Canadian Manufacturing

Canada’s automakers to post best year since 2002

by The Canadian Press   

Sales & Marketing Automotive Conference Board of Canada Fiscal Cliff recession recovery sales

The industry will have $1.35 billion in pre-tax profits in 2012, its best year since 2002.

OTTAWA—Canada’s vehicle manufacturers are poised to have their most profitable year in a decade, according to the Conference Board of Canada.

The Ottawa-based economic forecaster estimates the industry will have $1.35 billion in pre-tax profits in 2012, its best year since 2002.

“The industry will continue to benefit from brisk growth in vehicle sales, both this year and next,” said Michael Burt, director, industrial economic trends.

Burt noted that while Canadian sales are set to surpass their pre-recession level this year, U.S. sales are not expected to return to 2007 volumes until 2014.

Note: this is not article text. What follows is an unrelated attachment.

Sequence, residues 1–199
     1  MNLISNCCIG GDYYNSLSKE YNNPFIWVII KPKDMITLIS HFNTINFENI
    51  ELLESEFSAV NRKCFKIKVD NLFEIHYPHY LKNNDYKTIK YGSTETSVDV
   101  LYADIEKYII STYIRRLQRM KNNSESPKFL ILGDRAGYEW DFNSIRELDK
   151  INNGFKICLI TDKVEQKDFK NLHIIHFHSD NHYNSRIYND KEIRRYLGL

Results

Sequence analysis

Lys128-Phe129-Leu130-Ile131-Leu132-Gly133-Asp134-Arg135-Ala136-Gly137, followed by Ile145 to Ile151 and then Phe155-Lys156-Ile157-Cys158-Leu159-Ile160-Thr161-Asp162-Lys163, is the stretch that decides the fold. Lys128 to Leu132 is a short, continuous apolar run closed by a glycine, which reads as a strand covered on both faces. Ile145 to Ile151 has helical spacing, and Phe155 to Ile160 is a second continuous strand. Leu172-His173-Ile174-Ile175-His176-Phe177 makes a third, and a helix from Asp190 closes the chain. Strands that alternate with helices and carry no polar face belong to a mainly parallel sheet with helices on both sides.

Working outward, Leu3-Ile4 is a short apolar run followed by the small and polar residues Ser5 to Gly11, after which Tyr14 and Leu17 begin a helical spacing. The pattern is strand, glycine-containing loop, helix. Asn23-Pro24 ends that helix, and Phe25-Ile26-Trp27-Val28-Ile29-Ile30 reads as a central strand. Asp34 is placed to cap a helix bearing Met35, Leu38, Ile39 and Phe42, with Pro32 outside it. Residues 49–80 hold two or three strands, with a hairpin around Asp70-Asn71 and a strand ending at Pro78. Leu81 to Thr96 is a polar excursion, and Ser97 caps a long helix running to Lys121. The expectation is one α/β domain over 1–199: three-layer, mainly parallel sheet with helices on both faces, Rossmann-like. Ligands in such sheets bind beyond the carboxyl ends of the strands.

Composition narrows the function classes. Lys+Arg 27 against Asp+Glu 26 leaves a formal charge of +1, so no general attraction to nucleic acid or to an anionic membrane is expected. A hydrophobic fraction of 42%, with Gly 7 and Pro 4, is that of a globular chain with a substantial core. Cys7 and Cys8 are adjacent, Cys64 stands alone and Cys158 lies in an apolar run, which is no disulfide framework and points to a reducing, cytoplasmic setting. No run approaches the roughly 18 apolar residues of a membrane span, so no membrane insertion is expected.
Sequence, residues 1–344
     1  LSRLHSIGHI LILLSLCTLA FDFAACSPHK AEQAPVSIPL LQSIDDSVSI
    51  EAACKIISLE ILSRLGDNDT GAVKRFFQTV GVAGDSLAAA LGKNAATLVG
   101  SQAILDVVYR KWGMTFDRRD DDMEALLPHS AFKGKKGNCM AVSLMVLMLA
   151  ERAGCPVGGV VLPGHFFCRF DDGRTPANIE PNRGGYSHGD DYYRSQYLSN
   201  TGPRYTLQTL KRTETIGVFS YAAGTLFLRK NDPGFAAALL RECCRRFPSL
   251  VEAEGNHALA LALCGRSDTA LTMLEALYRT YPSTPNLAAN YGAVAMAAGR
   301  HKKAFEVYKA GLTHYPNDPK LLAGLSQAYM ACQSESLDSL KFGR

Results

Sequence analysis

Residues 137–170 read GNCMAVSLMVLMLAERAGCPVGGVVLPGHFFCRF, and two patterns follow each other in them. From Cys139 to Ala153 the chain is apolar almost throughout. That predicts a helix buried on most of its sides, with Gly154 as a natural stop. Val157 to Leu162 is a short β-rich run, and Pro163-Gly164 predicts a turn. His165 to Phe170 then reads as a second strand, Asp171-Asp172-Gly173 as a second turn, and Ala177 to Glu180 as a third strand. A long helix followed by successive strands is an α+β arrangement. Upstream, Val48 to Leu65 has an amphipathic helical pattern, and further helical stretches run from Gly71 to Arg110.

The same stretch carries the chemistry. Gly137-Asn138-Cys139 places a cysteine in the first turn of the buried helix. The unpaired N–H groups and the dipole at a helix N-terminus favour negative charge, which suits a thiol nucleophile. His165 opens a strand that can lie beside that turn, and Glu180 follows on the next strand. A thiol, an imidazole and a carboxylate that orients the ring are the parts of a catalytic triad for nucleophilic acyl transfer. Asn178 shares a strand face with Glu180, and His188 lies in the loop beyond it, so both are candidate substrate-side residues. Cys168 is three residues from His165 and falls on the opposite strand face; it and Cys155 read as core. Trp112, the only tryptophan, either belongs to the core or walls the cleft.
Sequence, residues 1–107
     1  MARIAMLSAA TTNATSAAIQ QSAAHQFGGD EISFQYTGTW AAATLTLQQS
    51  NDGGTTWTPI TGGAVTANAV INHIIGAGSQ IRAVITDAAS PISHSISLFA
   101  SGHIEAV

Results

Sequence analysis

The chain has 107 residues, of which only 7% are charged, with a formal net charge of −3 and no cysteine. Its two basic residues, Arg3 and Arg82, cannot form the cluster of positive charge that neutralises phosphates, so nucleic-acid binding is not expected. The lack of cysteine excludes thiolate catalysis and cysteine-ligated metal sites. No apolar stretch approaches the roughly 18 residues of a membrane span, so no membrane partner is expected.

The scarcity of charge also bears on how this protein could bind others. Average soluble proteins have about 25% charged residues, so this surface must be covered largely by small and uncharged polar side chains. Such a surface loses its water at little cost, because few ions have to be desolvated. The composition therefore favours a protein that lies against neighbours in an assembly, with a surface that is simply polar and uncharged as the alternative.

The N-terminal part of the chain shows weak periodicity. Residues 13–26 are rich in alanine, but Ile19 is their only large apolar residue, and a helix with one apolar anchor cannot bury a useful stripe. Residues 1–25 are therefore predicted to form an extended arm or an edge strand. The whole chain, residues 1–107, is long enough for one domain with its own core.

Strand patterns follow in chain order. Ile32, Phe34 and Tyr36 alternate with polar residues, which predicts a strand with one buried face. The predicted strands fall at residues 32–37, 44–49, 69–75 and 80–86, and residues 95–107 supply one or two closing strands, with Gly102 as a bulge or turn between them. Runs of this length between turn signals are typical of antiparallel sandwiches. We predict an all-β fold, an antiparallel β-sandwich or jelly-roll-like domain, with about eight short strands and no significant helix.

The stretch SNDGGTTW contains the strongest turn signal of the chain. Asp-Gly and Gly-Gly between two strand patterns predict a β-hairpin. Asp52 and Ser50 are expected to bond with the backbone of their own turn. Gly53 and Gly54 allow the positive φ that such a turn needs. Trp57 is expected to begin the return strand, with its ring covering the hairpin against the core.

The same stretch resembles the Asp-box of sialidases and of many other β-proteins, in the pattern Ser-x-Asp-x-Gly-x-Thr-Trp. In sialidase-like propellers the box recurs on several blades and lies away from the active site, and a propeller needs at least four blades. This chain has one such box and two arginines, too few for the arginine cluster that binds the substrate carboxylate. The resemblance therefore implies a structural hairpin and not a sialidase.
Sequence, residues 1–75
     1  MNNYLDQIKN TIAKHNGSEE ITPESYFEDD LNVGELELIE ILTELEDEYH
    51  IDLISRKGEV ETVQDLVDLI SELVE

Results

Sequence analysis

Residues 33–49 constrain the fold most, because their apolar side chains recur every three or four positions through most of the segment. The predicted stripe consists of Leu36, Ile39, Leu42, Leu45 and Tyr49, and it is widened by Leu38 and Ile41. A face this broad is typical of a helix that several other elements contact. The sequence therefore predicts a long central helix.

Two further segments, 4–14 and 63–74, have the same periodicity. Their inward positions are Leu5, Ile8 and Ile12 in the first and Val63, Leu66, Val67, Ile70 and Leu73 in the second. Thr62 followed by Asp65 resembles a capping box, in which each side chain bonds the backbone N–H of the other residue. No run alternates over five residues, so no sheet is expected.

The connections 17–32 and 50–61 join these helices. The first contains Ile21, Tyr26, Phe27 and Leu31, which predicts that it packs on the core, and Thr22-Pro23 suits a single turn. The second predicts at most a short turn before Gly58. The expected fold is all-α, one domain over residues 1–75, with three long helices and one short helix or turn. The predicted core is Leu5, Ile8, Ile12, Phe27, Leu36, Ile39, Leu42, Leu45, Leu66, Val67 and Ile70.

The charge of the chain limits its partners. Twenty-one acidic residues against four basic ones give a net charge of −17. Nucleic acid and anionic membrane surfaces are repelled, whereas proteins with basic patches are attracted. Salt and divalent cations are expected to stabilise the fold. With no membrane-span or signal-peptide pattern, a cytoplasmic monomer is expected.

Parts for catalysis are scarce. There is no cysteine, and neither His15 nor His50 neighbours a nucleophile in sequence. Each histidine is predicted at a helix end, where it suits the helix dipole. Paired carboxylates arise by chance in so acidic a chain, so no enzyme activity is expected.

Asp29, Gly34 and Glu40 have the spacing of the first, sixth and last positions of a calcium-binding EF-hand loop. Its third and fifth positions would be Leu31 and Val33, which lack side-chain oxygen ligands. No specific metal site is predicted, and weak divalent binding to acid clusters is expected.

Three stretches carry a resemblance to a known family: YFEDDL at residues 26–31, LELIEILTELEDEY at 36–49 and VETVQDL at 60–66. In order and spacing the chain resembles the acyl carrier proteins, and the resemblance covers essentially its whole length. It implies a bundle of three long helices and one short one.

“This increasing U.S. demand is expected to lead to a prolonged recovery in Canadian auto exports,” he said.

Through the first eight months of 2012, Canadian automotive production rose almost 20 per cent compared with the same period last year, according to the Conference Board report.

Sales in Canada surged 7.1 per cent between January and August of this year and are on track to reach 1.72 million vehicles—the most since 2002.

Across Canada, truck sales continued to outnumber passenger car purchases, particularly in the Prairies where brisk activity in the mining and construction industries is driving sales.

Sales to the U.S. have posted double-digit sales growth three years in a row, culminating in a 15 per cent increase in Canadian exports this year.

Yet, U.S. sales remain 1.7 million units below where they stood in 2007, leaving room for further growth assuming that Congress and the White House take measures to avoid the looming “fiscal cliff.”

Going forward, production growth will slow over the next five years from this year’s “torrid pace,” with Canadian sales gains limited because demand that built up during the recession “has effectively dried out,” the report said.

The Conference Board also noted that General Motors will close one of its Oshawa plants in 2014 and growth in U.S. sales will start to level off.


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